He tells me that Blue Cliff is a happy place to be.
“But it’s a happy place not in a totally naïve sense. Which means it also has its suffering. But we recognize that. We try to practice in such a way that we can see there’s no happiness without suffering. And we have the tools transmitted to us to know what to do with suffering so that we can create peace. That sounds like advertising, but that’s our aspiration. That’s what we’re working with. For me, it’s embodying that in my daily life so it’s transmittable. If it’s not embodied, if it’s not alive in me, if it’s just a bunch of ideas, it’s useless. What really counts is that people come here, and they get in touch with it as I did when I showed up and said, ‘Wow! This is it. Okay. There’s something alive here.’
“But I have a more worldly view now because you gotta run a practice center. You’ve gotta deal with differences of opinion, conflict. You become an adult. You gotta grow up. You have responsibilities and stuff. So for me, the edge now is balancing the responsibility with the freedom of monastic life and the vows and the Zen tradition of nowhere to go, nothing to do. So, yeah, running this practice center, there’s challenges and difficulties. But I’ve found it to be extremely rewarding. And having the time and the people to learn about things with, things that are not every day things. I think that’s what I was always looking for in my life. Didn’t want to learn about math, although I love the idea of how things are put together. I wanted to know the ‘whys?’ So where do you go to school to learn about how to just live? How to deal with your emotions or relationships with people? Then I discovered, ‘Oh! There’s a career for that!’ And in the big sense too, like really waking up. Really getting to the bottom of it all. It’s a long path, and that’s plenty for a lifetime. Many lifetimes.
“So I think that my conviction was very strong when I entered the order. And I hold onto that as a vow. So it doesn’t really matter what happens between here and someday I have to pass away. There’s a thread here, or a rope, that I hold onto, and it can guide me through. This is just a journey. I don’t really consider changing course, but I made a commitment to myself that if I have clear insight and peace and calm, then I can make a decision. I learned that partly from our teacher [Thich Nhat Hanh], because he said at one point he had to leave the monastery because of the war. He had to do something to help. He couldn’t just stay hiding in the monastery, meditating. He had to go out and reach out and that brought him here, to the United States. But he said he didn’t think about it. It wasn’t an analytical decision. It was insight. And it was so clear. No question. So I’m not limiting myself. I just promised to do the decision making from clarity and insight. So I don’t know what will happen in the future.”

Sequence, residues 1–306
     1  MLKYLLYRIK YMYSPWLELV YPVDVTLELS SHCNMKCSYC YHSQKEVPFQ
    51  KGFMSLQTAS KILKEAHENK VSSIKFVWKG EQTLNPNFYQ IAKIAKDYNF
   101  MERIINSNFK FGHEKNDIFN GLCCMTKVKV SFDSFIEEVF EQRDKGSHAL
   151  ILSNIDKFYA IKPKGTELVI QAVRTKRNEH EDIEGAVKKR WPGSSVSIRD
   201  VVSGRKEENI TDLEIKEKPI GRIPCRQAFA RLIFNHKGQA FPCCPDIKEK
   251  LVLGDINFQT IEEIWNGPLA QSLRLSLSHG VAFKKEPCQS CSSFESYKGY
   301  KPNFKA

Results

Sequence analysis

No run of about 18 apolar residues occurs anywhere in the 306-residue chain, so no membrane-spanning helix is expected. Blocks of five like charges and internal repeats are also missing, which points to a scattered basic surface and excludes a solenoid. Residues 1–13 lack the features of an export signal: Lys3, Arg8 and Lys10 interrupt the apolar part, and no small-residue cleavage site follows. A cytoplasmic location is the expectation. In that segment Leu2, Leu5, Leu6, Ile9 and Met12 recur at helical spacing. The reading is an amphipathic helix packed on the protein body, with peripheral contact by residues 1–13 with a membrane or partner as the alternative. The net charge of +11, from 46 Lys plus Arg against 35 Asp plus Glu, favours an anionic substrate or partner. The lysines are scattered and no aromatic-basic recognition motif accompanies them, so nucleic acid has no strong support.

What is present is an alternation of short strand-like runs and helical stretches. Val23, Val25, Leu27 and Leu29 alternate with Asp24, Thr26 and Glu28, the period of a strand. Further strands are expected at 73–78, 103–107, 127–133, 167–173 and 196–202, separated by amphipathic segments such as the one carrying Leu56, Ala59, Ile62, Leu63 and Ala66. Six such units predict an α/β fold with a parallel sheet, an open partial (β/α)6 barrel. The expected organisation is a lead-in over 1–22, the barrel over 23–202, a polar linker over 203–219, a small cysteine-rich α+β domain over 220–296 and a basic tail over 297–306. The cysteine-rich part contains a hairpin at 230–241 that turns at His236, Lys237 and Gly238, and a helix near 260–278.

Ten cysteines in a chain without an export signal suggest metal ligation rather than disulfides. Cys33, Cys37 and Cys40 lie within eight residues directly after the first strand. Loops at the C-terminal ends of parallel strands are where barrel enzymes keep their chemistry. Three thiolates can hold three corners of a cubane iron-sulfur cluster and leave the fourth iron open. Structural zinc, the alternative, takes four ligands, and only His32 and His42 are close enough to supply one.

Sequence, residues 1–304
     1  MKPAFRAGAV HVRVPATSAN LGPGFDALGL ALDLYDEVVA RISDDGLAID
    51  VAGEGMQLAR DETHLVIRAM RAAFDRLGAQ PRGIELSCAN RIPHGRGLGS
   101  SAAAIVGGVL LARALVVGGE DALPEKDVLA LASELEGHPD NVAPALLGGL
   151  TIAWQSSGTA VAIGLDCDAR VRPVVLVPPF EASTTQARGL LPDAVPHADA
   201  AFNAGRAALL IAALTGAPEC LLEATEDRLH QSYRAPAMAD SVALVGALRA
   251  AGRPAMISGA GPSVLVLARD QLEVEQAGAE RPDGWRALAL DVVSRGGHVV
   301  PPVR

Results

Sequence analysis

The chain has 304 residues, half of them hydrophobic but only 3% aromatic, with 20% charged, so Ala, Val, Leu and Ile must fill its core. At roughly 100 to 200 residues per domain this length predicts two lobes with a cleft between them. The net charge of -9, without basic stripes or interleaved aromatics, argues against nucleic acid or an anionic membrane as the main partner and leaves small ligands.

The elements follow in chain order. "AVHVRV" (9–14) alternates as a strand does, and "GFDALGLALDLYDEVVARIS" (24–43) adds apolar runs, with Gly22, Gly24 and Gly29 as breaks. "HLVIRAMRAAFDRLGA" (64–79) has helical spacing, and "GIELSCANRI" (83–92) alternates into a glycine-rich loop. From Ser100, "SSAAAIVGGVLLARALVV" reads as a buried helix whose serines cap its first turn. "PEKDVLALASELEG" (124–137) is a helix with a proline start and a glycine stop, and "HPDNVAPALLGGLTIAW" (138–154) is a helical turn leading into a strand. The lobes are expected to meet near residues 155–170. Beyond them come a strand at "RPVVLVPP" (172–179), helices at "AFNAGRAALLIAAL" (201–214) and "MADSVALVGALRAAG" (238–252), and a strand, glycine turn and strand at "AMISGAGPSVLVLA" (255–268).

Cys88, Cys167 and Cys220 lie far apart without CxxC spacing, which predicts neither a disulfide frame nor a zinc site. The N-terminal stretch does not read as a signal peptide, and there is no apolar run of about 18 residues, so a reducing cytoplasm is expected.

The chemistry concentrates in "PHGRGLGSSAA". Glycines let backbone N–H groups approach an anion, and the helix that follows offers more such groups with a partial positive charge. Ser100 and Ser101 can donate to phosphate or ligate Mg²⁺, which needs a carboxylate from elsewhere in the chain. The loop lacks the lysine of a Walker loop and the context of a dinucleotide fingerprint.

When I speak with Brother Phap Vu six years later, he tells me that Brother Fulfillment is still a monastic. Not all the people I met during that visit, however, remained there.
When I was working in International Development with the YMCA, I used to subscribe to the National Catholic Reporter, in part because it had a leftist slant on the Catholic Church—my birth heritage—with which I was comfortable, but largely because it was one of the best sources I could find for hard news coverage of events in Latin America. It covered other stories of general interest to Catholics as well, of course.
I first learned of Father Robert Kennedy—a Dharma heir of Bernie Glassman—in an NCR article in which it was announced that Kennedy, a Jesuit priest as well as an authorized Zen teacher, had recently given transmission to a Trappist monk, Kevin Hunt [see photo]. If I remember the article correctly, Father Hunt, when asked what a Trappist Zen Master did, replied that he wasn’t sure but suspected he was going to find out.
Robert Kennedy maintains the Morning Star Zendo in Jersey City. At the time that I spoke with him, the Zendo was actually a one bedroom apartment in which a room had been set up as a meditation hall.